Boone, 204 Piore, Michael, 103, 229 Pitney-Bowes, 65, 79, 275 Pitts, Jesse, 116 Poland, 356, 361 Political Confucianism, 84, 85, 92, 350 Political economy, 18 Polygamy, 291 Porcelain manufacturing, 81 Pornography, 316 Portugal, 41 Poverty, 38, 62, 303, 353 Preindustrial societies, 45-46, 63, 132, 313 Presbyterians, 289 Presidents’ Council (Japan), 130, 197 Prestowitz, Clyde, 14 Price mechanism, 200 Pride, 358 Primogeniture, 88, 116, 130, 173-174 Principles of Scientific Management, The (Taylor), 225, 231 Privacy, right to, 316 Professional associations, 157, 309 Property rights, 63-65, 87, 150, 223, 275, 336, 350 Protestant Ethic and the Spirit of Capitalism, The (Weber), 37, 40, 43-46 Protestantism, 44-47, 142, 156, 279, 283, 286-294, 336 Protestant Reformation, 40, 44, 154, 286 “Protestant Sects and the Spirit of Capitalism” (Weber), 46 Public goods, 155 Puritanism, 36, 44, 183, 279, 289, 290, 292 Purposive contracts, 222-223 Putnam, Robert, 56, 100, 104, 105, 108, 109, 309 Qing China, 81 Quakers, 46, 289 Quality circles, 262, 317 Quayle, Dan, 61, 67 Railroads, 47-48, 273-274 Rathenau, Emil, 212, 213 Rational choice theory, 17 Rational desire, 358 Rational utility maximization, 18-21, 33-35, 37, 38, 41, 46, 351, 358, 360 Reciprocal obligation, 186, 188-193, 195, 197, 202, 205-207, 260-262 Recognition, desire for, 6-7, 358-360 Redding, Gordon, 75 Reformation, 40, 44, 154 Regionalism, in South Korea, 140, 141 Reliability, 43, 46 Religion, 28, 54, 131, 141-142, 154-155, 177-180, 182-183, 279-280, 283-294, 319; see also specific religions Religion of China, The (Weber), 65 Renaissance, 108 Renault, 114, 117, 123 Republic of Korea: see South Korea Restructuring, 48, 185 Revealed preference, 19 Reverse racism, 295 Riemon, Soga, 169 Rieppel, Paul, 232 Riesman, David, 277 Rights, 10, 314-317 Riots, 298 Risk, attitudes toward, 36-37, 46 Rockefeller, Jay, 78 Rockefeller, John D., 276 Rockefeller, Nelson, 78 Roosevelt, Theodore, 215, 276 Rosenberg, Nathan, 154 Rotating credit associations, 300-302 Rousseau, Jean-Jacques, 285 Royal Dutch/Shell, 212 Rules, proliferation of, 222-224 Russia, 28, 356, 357 Sabel, Charles, 103, 229, 242 Samsung Electric Company, 71, 73, 128, 134, 136, 140, 144 Samuel, Marcus, 250 Samurai class, 136, 173, 175, 350, 360 Sanyo, 79 Sardinia, 100 Sato, Eisaku, 173 Scargill, Arthur, 239 Schumpeter, Joseph, 159, 311 Scientific management, 225-230 Scientific method, 350 Sears, Roebuck, 65, 79, 275 Second Treatise on Government (Locke), 285 Self-interest, 18-19, 21, 26, 149, 156 Semiconductor industry, 143, 170 Seniority-based compensation system, 172, 188 Seven Samurai, The (film), 183 Shame, 358 Sharecropping, 107 Sharpton, Al, 295 Shell Oil, 250 Sheng Hsuan-huai, 79 Sherman Anti-Trust Act, 204, 214, 215, 276 Shimomura family, 169 Shipbuilding industry, 16, 139, 144 Shiseido, 79 Shotoku, Prince Taishi, 177 Sicily, 100, 107 Siemens, 31, 212, 213 Silicon Graphics, 165 Silla dynasty, 132 Simint, 103 Singapore, 70, 85, 92, 93, 179, 329, 337, 338 Single-parent families, 51, 61-62, 67, 309, 353 Slavery, 296, 302-303 Small-scale industrialization, in Italy, 97, 102-105, 108-111, 229 Smith, Adam, 7, 13, 17-18, 224, 229, 259, 326, 359, 360 Smith, Joseph, 290, 291 Smith, Roger, 262 Snecma, 123 Social capital, 10, 11, 16, 97, 101, 102, 150, 321, 325, 336, 355, 356, 358, 362 acquisition of, 26-27 defined, 26 distribution among societies, 28 economic consequences of, 27, 29 spontaneous sociability as subset of, 27 Social class in France, 120-121 in Great Britain, 158-159, 249-251 in South Korea, 132, 136 Social virtues, 43, 46, 48 Soft authoritarianism, 85 Sony America, 181 Southern Christian Leadership Conference, 304 South Korea, 16, 20, 127-145 adoption in, 132 auto industry in, 265 chaebol system in, 73, 128-130, 133-138, 142, 144, 145, 333 concentration of industry in, 128-129 familism in, 63, 128, 131, 133, 134, 137, 145, 331-332 family structure in, 130-132, 336 firm size in, 29, 71, 163, 327, 329, 332, 333 industrial policy and structure in, 127-128, 132-137 inheritance in, 130-132, 134 Japanese influence on, 128-130 labor relations in, 136-137, 264 lineage in, 132-133, 140 management style in, 128, 134-135 military service in, 140-141 nationalism in, 141 network organizations in, 73, 128-130 regionalism in, 140, 141 religion in, 131 social class in, 132, 136 state, role of, 52, 128, 137-140, 338, 344 wealth concentration in, 144-145 Soviet Jewish emigrés, 55 Soviet Union, 24, 40, 52, 54-55, 225 Sozialmarktwirtschaft, 217, 218, 232, 242 Spain, 41, 50, 55, 56 Spanish Civil War, 40 Spontaneous sociability, 10, 25, 27-29, 31, 47, 48, 50, 98, 104, 107, 149-151, 158, 159, 161, 171, 206, 207, 273, 281, 304-306, 318, 333, 338, 339, 342, 355, 357, 358 Ssangyong, 133 Stalin, Joseph, 55, 225 Standard Oil trust, 215, 274, 276 Stark, Rodney, 289 State, role of, 15-17, 27, 30, 52-54, 57, 72, 81-82, 101-102, 122-125, 128, 137-140, 279, 338, 339, 344 Status contracts, 222 Steel industry, 16, 124, 143, 211, 219, 226, 256, 341 Stein-Hardenberg reforms (1807-1812), 246-247 Steuart, James, 360 Stigler, George, 13 Stollwercks, 213 Strikes, 136-137, 216 Sumitomo, 7, 9, 73, 162, 166, 169, 198, 199, 205 Sung dynasty, 179 Sun Microsystems, 24, 165 Sunrise and sunset industries, 15-16 Sun Yat-sen, 138 Suzuki, Shosan, 182-183 Sweden, 29, 162, 163, 212, 288, 328 Switzerland, 29, 162, 163, 212 Syngman Rhee, 139, 142, 143 Taehan Textile and Tachan Electric, 134 Taika period, 131, 182 Taiwan, 16, 29, 50, 70, 81, 92, 93 cottage industries in, 87 familism in, 67, 74, 86-87, 329, 331 firm size in, 29, 30, 71, 326, 327, 329, 332, 333 network organizations in, 73, 197, 198 state, role of, 52, 57, 72, 82, 138, 338 Taoism, 84 Tariffs, 14 Taylor, Frederick W., 225-227, 231, 232, 255 Taylorism, 225-234, 255-260, 266, 313, 317 Technological innovations, 23-26, 30, 125, 316-317, 340-341, 353, 354 Terza Italia, 100-108 Textile industry, 16, 225 Thailand, 71, 338 Thatcher, Margaret, 251 Theory of Moral Sentiments, The (Smith), 18, 359 Thick description, 34 Thomas, Robert, 47, 63, 122 Thomson-CSF, 123 Thrift, 37 Thurow, Lester, 28 Time-and-motion studies, 225 Tocqueville, Alexis de, 39, 50, 55-56, 118, 120, 122-124, 235, 272-273, 290 Toffler, Alvin, 23 Toffler, Heidi, 23 Tokugawa period, 132, 179, 182, 183, 191 Tönnies, Ferdinand, 273 Toshiba, 165 Toyo Kogyo, 199 Toyota Motor Company, 8, 48, 163, 197, 201, 257-258, 263 Tracking system, 239-240 Trade associations, 117, 204, 216, 309 Transaction costs, 27-28, 151, 153, 200-202, 204, 342, 352 Trinidadians, 303 Trusts, 204, 214, 276 Tu Wei-ming, 84, 85 Tyson, Laura, 14 Ukraine, 356, 357 United Auto Workers (UAW), 226, 262, 263 U.S.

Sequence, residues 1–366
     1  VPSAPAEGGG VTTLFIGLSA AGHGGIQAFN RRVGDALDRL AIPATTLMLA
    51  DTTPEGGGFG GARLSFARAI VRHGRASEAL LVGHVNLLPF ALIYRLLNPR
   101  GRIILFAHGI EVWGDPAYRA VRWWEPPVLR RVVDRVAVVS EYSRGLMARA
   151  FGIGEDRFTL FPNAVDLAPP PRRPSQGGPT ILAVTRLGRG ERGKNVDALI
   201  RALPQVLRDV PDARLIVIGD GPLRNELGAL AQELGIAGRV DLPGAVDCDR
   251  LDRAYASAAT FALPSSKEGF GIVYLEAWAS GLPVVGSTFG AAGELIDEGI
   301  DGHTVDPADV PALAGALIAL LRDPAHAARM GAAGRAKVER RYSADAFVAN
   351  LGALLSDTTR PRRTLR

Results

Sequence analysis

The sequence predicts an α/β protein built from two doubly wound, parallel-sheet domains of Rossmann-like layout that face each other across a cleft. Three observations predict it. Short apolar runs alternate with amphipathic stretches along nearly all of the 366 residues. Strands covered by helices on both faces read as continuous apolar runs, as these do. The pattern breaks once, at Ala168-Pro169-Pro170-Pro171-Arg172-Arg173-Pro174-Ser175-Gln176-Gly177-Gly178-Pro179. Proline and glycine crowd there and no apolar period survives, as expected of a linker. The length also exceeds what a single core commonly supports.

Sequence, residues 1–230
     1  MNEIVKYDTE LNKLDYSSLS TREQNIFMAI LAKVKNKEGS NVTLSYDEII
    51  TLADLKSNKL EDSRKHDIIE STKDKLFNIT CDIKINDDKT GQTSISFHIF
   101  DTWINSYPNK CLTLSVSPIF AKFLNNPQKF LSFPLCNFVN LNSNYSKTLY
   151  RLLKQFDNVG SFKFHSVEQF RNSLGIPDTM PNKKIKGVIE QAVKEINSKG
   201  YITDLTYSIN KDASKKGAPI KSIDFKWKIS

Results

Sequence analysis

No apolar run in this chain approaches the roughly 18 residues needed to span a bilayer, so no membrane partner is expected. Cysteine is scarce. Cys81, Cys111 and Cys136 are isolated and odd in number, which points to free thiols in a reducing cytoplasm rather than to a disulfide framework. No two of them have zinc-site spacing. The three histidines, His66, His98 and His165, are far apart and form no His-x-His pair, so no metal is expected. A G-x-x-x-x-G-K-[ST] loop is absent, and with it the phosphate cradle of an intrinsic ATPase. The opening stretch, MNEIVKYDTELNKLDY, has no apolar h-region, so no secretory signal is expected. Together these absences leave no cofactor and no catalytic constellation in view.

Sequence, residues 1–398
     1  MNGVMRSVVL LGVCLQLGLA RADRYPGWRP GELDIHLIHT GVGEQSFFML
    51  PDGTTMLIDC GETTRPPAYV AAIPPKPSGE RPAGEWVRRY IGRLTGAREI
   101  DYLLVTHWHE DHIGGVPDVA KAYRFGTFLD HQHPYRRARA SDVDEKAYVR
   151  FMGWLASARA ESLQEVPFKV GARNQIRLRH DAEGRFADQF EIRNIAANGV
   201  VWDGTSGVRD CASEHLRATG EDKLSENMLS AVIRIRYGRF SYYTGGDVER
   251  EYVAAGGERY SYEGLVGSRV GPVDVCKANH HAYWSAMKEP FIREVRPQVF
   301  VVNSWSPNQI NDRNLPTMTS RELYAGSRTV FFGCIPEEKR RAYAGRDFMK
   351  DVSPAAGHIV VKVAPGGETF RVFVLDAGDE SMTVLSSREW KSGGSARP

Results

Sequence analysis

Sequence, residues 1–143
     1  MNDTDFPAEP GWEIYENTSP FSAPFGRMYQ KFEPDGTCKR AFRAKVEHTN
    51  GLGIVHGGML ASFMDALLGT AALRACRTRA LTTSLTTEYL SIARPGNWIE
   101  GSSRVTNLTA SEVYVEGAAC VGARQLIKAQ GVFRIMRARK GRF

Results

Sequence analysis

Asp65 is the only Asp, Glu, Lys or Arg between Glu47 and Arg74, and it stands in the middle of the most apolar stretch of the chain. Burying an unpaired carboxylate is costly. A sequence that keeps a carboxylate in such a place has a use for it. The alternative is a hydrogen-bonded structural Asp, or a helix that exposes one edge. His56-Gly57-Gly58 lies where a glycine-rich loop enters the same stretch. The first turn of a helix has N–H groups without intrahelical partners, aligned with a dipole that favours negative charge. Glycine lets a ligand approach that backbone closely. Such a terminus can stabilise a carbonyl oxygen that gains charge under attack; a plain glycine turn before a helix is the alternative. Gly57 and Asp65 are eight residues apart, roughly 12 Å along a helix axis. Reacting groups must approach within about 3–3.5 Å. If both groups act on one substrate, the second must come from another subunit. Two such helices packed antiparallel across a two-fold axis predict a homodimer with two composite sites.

pages: 870 words: 259,362